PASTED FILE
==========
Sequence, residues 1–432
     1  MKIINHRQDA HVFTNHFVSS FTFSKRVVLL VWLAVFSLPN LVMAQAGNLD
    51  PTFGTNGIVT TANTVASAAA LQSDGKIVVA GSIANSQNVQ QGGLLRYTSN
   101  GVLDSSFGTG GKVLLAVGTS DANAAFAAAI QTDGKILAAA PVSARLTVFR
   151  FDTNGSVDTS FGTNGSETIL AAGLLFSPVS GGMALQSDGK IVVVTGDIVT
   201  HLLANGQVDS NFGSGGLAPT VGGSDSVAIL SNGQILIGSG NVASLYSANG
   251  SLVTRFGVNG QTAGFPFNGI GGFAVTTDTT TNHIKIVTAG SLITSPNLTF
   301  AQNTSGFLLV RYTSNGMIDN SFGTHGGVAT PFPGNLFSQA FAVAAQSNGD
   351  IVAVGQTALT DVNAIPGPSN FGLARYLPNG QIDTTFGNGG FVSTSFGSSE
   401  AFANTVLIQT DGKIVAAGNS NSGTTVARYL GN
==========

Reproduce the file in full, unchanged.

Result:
Sequence, residues 1–432
     1  MKIINHRQDA HVFTNHFVSS FTFSKRVVLL VWLAVFSLPN LVMAQAGNLD
    51  PTFGTNGIVT TANTVASAAA LQSDGKIVVA GSIANSQNVQ QGGLLRYTSN
   101  GVLDSSFGTG GKVLLAVGTS DANAAFAAAI QTDGKILAAA PVSARLTVFR
   151  FDTNGSVDTS FGTNGSETIL AAGLLFSPVS GGMALQSDGK IVVVTGDIVT
   201  HLLANGQVDS NFGSGGLAPT VGGSDSVAIL SNGQILIGSG NVASLYSANG
   251  SLVTRFGVNG QTAGFPFNGI GGFAVTTDTT TNHIKIVTAG SLITSPNLTF
   301  AQNTSGFLLV RYTSNGMIDN SFGTHGGVAT PFPGNLFSQA FAVAAQSNGD
   351  IVAVGQTALT DVNAIPGPSN FGLARYLPNG QIDTTFGNGG FVSTSFGSSE
   401  AFANTVLIQT DGKIVAAGNS NSGTTVARYL GN